13 votes

Daily thread for news/updates/discussion of George Floyd protests - June 13

This thread is posted daily - please try to post relevant content in here, such as news, updates, opinion articles, etc. Especially significant updates may warrant a separate topic, but most should be posted here.

13 comments

  1. suspended
    Link
    Unarmed professionals will now respond to non-criminal police calls in San Francisco to reduce ‘police confrontations’ The race-related things that have changed since protests began around George...
    11 votes
  2. [2]
    spit-evil-olive-tips
    Link
    I suppose in the Trump era we've all gotten used to public figures telling outright lies and there being no consequences...but I am still extremely pissed off at the police chief here in Seattle,...

    I suppose in the Trump era we've all gotten used to public figures telling outright lies and there being no consequences...but I am still extremely pissed off at the police chief here in Seattle, Carmen Best, saying this:

    Rapes, robberies and all sorts of violent acts have been occurring in the area and we're not able to get to

    This is easily fact-checkable, because anonymized crime data is publicly available. And it's complete bullshit.

    But meanwhile, the lie propagates throughout right-wing media, including to the National Review.

    She also said response times have more than tripled, from 5 minutes to 18 minutes. Where's the data for that? What's the sample size? Those are averages, what's the standard deviation?


    unrelated: Fox news reads a reddit post about the Capitol Hill Autonomous Zone that's clearly satire from Monty Python and the Holy Grail

    9 votes
    1. moonbathers
      Link Parent
      God, that's so dumb but hilarious at the same time.

      unrelated: Fox news reads a reddit post about the Capitol Hill Autonomous Zone that's clearly satire from Monty Python and the Holy Grail

      God, that's so dumb but hilarious at the same time.

      4 votes
  3. viridian
    Link
    My sister painted a beautiful mural downtown and made the local news, I'm heading out later today to go take pictures of it. Our protests are largely burned out though.

    My sister painted a beautiful mural downtown and made the local news, I'm heading out later today to go take pictures of it.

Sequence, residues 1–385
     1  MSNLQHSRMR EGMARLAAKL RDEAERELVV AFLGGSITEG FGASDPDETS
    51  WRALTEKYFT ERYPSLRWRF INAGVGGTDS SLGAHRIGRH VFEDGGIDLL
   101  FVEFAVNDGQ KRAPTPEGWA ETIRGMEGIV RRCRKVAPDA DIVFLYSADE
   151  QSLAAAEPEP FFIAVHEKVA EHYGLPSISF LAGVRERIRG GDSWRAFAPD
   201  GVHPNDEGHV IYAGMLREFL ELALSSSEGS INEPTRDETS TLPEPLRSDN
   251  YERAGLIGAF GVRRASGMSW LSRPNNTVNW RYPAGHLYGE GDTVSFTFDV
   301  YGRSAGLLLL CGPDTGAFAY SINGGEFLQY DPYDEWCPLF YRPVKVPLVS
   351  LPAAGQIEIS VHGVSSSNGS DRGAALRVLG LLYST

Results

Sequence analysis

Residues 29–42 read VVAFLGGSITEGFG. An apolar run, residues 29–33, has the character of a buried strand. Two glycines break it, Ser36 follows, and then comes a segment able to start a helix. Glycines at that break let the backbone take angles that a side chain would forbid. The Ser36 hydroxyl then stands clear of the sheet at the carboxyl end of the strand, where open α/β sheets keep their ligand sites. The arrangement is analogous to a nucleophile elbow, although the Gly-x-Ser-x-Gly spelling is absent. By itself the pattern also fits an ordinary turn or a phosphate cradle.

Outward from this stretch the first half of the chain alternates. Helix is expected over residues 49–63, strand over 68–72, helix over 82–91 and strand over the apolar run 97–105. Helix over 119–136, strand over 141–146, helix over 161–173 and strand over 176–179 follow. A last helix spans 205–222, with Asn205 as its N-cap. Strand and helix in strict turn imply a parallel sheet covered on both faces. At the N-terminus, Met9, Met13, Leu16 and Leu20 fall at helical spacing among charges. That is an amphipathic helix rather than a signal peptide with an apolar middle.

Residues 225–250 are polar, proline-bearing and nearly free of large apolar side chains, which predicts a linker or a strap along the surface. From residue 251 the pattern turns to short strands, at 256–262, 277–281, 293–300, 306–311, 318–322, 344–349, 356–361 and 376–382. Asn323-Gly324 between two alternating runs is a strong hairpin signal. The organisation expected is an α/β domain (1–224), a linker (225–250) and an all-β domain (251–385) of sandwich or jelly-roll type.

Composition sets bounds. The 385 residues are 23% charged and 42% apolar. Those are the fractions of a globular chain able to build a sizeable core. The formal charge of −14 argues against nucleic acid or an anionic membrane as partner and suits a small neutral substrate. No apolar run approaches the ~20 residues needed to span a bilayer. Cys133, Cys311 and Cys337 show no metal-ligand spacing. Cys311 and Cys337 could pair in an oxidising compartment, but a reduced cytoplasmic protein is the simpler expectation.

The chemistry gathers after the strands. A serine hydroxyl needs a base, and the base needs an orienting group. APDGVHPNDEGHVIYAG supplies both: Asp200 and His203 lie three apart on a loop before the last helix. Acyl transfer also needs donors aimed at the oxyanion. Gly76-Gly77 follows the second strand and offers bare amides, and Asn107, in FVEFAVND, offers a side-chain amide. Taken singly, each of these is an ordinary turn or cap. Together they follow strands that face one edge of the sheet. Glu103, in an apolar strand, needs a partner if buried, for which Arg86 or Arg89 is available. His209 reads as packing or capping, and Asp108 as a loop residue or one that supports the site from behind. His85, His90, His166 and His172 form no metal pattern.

Our protests are largely burned out though.

    6 votes
  4. [3]
    Kuromantis
    (edited )
    Link
    Media coverage of BLM had fallen during the Trump administration, until now. (All formatting mine)

    Media coverage of BLM had fallen during the Trump administration, until now.

    (All formatting mine)

    Over the past few weeks, the national media’s attention has shifted to the protests against police brutality that have arisen across the country following the death of George Floyd, a black man killed by a police officer in Minneapolis. That brutality and those protests, however, are nothing new — on-duty police officers have fatally shot about 1,000 Americans every year between 2015 and 2019, and black people are consistently most at risk of being killed by police. This year has been no different so far.

    According to our analysis of closed captioning data of cable news broadcasts from the TV News Archive1 as well as headlines of online news articles in Media Cloud’s database,2 the phrase “Black Lives Matter” appeared less than half as frequently on both mediums between 2017 and 2019 as it did from 2014 to 2016.

    Danielle Kilgo, a professor of journalism, diversity and equality at the University of Minnesota, Twin Cities, pointed to two stories involving black men shot and killed by police between 2017 and 2019 that didn’t get nearly as much national press: The protests in St. Louis after a white police officer, Jason Stockley, was acquitted of first-degree murder for a 2011 shooting in which he killed 24-year-old Anthony Lamar Smith, and the protests in Sacramento, California, after the death of Stephon Clark, a 22-year-old killed by police who said they believed he had a gun (the only item later found near Clark was his cellphone).

    The protests in St. Louis, for example, shared many of the same elements as those in the past few weeks: there was a video of the incident, the protests lasted for days and turned violent at times, and dozens of people were arrested, including a journalist. “They were huge protests and they were prolonged protests, but they didn’t receive the coverage they needed to expand beyond that,” Kilgo said.

    She hypothesized that it was in part because the protests came on the heels of the Unite the Right rally that brought white supremacists to Charlottesville, Virginia.

    The rally drew a lot of media attention and may have shifted the conversation about racism away from Black Lives Matter and towards a discussion about white supremacy, she said.

    Kilgo also noted that the story of players kneeling during the national anthem at football games was getting a lot of coverage in the national press around the time of the St. Louis protests, especially after the president weighed in.

    “The whole news broadcast couldn’t be about racism,” she said, pointing to other stories related to racism, like racist rhetoric coming from the president, that could have drawn the media’s attention away from Black Lives Matter. “I think they were just blinded by other things. There’s lots of shiny objects floating around in our political landscape right now.”